All patients with inflammatory bowel disease (IBD) should receive aggressive ongoing assessment of their inflammatory state and its response to immunomodulators, anti–tumor necrosis factor (anti-TNF) drugs, and other agents, according to multiple speakers at 2012 Advances in Inflammatory Bowel Diseases, the Crohn’s & Colitis Foundation’s Clinical & Research Conference, held this week in Hollywood, Florida.
The evolving treatment monitoring strategy for patients with IBD includes the following:
• Periodic assessment of patient symptoms with systematic scoring systems, such as the Crohn’s Disease Activity Index.
• Periodic assessment of objective endoscopic findings with systematic scoring systems that quantify the degree of objective inflammation, such as the Crohn’s Disease Endoscopic Index of Severity. Persistent active inflammation is the key determinant of the need for more aggressive strategies, such as with anti-TNF therapy. Bruce Sands, MD (Mount Sinai Medical Center, New York City), presented data that supported anti-TNFs as the most effective agents, especially when combined with immunomodulators. However, he emphasized the need to progress because of objective documentation of inflammation rather than infection or irritable bowel syndrome symptoms.
• Trough drug level monitoring for patients who are receiving anti-TNF therapy. The SONIC trial (2010) showed that inadequately dosed patients with IBD have undetectable trough blood levels of their anti-TNF drug; this predicts nonresponse, relapse, and worsening of inflammatory endoscopic findings (Stephen Hanauer, MD, University of Chicago).
• C-reactive protein (CRP) level measurement. Although CRP level is a nonspecific serum marker for systemic inflammation, monitoring it in patients before and during treatment may help in assessment of treatment response.
• Fecal calprotectin level. Although this measurement is expensive ($250 per assay), an elevated level correlates with active disease and a decreased level correlates with remissions.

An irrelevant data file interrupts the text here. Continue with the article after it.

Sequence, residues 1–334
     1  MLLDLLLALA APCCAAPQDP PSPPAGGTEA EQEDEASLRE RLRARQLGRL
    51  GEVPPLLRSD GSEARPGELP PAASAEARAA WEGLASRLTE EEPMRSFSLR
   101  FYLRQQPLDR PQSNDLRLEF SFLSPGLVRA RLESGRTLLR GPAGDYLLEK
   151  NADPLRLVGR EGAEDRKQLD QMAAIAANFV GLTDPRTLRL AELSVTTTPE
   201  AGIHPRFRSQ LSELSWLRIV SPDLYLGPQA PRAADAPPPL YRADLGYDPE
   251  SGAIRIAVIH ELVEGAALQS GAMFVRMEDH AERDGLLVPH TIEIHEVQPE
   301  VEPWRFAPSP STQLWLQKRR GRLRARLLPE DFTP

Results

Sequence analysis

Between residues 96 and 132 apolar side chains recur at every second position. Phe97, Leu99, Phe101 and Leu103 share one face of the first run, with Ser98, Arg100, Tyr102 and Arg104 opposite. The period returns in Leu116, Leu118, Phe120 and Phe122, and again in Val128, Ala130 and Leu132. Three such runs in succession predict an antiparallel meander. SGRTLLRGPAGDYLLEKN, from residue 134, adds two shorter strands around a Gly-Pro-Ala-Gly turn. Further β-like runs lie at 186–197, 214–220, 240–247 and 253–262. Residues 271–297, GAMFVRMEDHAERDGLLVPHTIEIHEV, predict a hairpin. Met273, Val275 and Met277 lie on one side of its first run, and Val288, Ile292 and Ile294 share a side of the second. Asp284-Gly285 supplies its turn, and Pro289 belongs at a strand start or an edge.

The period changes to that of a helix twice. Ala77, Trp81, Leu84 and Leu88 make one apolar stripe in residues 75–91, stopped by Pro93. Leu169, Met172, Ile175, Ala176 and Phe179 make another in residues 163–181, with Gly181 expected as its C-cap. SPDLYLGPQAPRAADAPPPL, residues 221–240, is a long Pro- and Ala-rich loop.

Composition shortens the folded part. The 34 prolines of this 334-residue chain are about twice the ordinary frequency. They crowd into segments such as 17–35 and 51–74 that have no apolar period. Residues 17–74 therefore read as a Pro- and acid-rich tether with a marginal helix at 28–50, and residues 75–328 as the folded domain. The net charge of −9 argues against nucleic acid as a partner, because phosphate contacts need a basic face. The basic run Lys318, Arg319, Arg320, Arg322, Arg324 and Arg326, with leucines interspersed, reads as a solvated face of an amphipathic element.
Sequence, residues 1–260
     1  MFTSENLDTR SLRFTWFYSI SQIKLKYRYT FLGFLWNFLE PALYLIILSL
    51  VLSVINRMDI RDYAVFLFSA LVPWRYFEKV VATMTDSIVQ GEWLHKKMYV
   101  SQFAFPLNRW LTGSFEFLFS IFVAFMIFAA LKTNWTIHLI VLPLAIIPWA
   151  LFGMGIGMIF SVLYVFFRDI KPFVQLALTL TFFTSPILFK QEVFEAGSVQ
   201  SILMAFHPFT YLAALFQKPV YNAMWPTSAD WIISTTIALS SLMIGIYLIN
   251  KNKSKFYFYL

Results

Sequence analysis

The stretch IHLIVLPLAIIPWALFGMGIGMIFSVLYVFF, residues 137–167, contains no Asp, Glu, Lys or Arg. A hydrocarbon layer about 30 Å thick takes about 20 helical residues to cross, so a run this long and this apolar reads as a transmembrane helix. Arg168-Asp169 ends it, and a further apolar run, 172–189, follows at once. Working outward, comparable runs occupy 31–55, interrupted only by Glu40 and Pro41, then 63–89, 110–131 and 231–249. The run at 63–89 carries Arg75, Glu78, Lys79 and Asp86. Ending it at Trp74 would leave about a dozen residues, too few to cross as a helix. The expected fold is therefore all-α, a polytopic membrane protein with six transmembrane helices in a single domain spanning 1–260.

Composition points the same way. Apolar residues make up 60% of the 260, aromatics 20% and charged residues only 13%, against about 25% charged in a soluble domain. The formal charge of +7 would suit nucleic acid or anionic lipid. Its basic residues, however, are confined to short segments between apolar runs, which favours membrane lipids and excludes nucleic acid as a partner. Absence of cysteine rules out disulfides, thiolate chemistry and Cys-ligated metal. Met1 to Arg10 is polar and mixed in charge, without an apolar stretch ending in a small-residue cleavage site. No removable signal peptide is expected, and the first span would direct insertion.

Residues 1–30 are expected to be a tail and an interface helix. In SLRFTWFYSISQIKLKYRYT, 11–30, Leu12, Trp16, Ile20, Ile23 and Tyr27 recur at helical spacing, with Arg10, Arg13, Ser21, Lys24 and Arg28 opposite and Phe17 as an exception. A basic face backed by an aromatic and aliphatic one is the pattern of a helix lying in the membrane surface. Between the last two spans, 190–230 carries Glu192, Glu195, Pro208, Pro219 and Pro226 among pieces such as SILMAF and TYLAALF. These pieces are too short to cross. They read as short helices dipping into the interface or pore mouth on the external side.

• For nonresponders to anti-TNF therapy, check for the development of antibodies to the drug. If antibodies are positive, change to another anti-TNF agent rather than increase the dose of the current anti-TNF drug. If antibodies are negative, increase the dose or frequency of administration. Dr Hanauer suggested that this testing route will become more common as less costly antibody assays are developed. Before starting or changing to therapy with natalizumab, always check for John Cunningham virus and do not start the therapy if serologies are positive, because progressive multifocal leukoencephalopathy has been reported as a catastrophic adverse event with this agent (Corey Siegel, MD, Dartmouth Medical School, Hanover, New Hampshire).
• Cross-sectional imaging. CT enterography (CTE) and MR enterography (MRE) are advocated for sequential monitoring of patients with Crohn disease, where colonoscopy cannot assess the small bowel. Imaging has been shown to clarify clinical impressions of active inflammation and benefit from the use of corticosteroids in 61% of patients. Because of concerns about radiation exposure from sequential CT, its use should be limited in younger patients who may accumulate high lifetime exposure. How young is “too young” for periodic CTE? The answer is unclear, but Dr Loftus suggested a cutoff somewhere between age 35 and 50 years—patients older than the cutoff should undergo MRE, which delivers no radiation. Capsule enteroscopy also has a role in monitoring; it is more sensitive and specific for active small-bowel inflammation than CTE or MRE.
• Maintain a high degree of suspicion for infection, especially Clostridium difficile, if treatment appears to be “failing.” Many speakers warned the audience to think of infection rather than inflammation if IBD worsens despite therapeutic doses of effective immunomodulators or anti-TNF agents. Patients are at risk because they do receive antibiotics periodically, have ulcerated or fissured mucosa, and take immunosuppressive drugs. A consensus has emerged supporting fecal microbiota transplant as the most effective therapy, with 87% cure rates (R. Balfour Sartor, MD, University of North Carolina, Chapel Hill).